The sets of paper sculptures are hand and laser-cut. With a scalpel or a knife, Rogan Brown cuts out patterns and motifs inspired from cell structures, tree moss, bacteria, coral, diatoms and radiolaria. The work is laborious and meticulous, taking up to several months for the artist to complete. The choice of paper is deliberate. This mean represents within a same concept, both the fragility and durability of nature. By looking at the infinite details comprised within the final piece, we understand the slow process of growth and decay, life and death which characterizes the cycle of nature.

The artist wishes to mix science and art to metaphorically suggest that a vast range of observations is subconsciously modified by individual imagination. The complexity of nature attracts human curiosity and its need to observe, analyze and classify. A process endeavored by science which is often stopped by too much existing data. Rogan Brown says his “work similarly attempts to frustrate categorization”.
The artist reveals in the profusion of his artistic microorganisms his main belief. Nature can be the source of infinite imagination. (via This Is Colossal)

The ‘Magic Circle’ piece will be presented at Aqua Art Miami through C Emerson Fine Arts  from December 2nd to December 5th 2015.

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Video Watch: Scotland’s Django Django Hand of Man

Photograph by David Drake

Django Django released their self-titled debut record last fall on Ribbon Music and was not only nominated for a Mercury Prize, but was also listed in Rolling Stone and NME‘s top 50 albums of 2012. They’ve been touring since last January when their album was initially released overseas. I missed them when they performed at Bardot in Los Angeles for School Night last September and they unfortunately had to cancel their Iceland Airwaves appearance due to illness. Lucky for me and you, they are back on the road with dates across the U.S. starting in March including two nights at Brooklyn’s Music Hall of Williamsburg with the last show of the tour arriving on March 23rd at LA’s Fonda Theatre.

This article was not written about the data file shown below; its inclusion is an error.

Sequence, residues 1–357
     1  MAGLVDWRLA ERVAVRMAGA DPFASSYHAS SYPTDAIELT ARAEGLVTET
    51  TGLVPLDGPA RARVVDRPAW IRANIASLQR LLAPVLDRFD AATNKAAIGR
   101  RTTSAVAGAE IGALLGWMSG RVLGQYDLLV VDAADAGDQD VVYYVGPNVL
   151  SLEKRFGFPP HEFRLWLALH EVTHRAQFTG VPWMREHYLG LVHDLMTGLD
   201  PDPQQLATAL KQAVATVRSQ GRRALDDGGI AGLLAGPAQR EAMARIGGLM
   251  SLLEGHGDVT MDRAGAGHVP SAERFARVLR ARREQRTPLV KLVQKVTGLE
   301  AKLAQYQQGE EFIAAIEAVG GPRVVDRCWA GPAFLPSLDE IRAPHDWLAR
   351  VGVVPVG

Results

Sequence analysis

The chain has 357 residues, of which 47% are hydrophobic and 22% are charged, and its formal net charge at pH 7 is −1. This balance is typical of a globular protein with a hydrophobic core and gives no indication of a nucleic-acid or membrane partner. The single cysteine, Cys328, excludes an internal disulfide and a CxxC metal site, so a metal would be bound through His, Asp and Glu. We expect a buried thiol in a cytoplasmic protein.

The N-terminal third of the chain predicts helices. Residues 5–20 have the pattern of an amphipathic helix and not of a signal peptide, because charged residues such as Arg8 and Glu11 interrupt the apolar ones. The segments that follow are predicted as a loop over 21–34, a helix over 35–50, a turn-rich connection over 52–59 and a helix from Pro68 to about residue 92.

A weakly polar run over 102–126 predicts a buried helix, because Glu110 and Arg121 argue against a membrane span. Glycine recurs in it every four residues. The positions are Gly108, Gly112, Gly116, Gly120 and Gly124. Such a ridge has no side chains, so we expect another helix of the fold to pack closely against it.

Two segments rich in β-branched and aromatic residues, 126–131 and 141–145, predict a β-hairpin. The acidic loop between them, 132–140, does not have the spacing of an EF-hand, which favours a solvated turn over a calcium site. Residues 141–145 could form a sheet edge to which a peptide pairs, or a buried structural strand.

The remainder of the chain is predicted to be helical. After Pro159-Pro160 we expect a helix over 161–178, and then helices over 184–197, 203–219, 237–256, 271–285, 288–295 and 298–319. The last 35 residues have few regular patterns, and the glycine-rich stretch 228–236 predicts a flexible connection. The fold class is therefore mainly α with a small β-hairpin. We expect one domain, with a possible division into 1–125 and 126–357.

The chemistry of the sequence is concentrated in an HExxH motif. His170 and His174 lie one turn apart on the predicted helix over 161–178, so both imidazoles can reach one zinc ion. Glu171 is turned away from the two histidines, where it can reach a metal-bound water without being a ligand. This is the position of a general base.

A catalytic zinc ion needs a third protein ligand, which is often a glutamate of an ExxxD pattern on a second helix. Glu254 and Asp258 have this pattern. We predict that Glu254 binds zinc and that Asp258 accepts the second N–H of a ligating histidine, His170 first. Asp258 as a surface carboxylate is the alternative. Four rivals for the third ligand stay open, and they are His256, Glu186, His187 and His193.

Last week they premiered their new video on Nowness for the Hand of Man directed by Bafta Award winner John Maclean, brother to Django drummer/producer Dave Maclean. Way to keep it in the family guys! Check out the video and grab some tickets for an upcoming show via Ticketmaster.

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Jim Goldberg’s Powerful Series “Rich & Poor” Reveals The Dichotomy Between The Affluent And Destitute

USA. San Francisco, California. 1977. "My life is personal, but I will tell you one thing I'm too fat."

USA. San Francisco, California. 1977. “My life is personal, but I will tell you one thing I’m too fat.”

USA. San Francisco. 1981. Untitled. Goldstines. "My wife is acceptable. Our relationship is satisfactory." Edgar G "Edgar looks splendid here. His power and strength of character come through. He is a very private person who is not demonstrative of his affection; that has never made me unhappy. I accept him as he is. We are totally devoted to each other. Dear Jim: May you be as lucky in marriage!" Regina Goldstine

USA. San Francisco. 1981. Untitled. Goldstines.
“My wife is acceptable. Our relationship is satisfactory.” Edgar G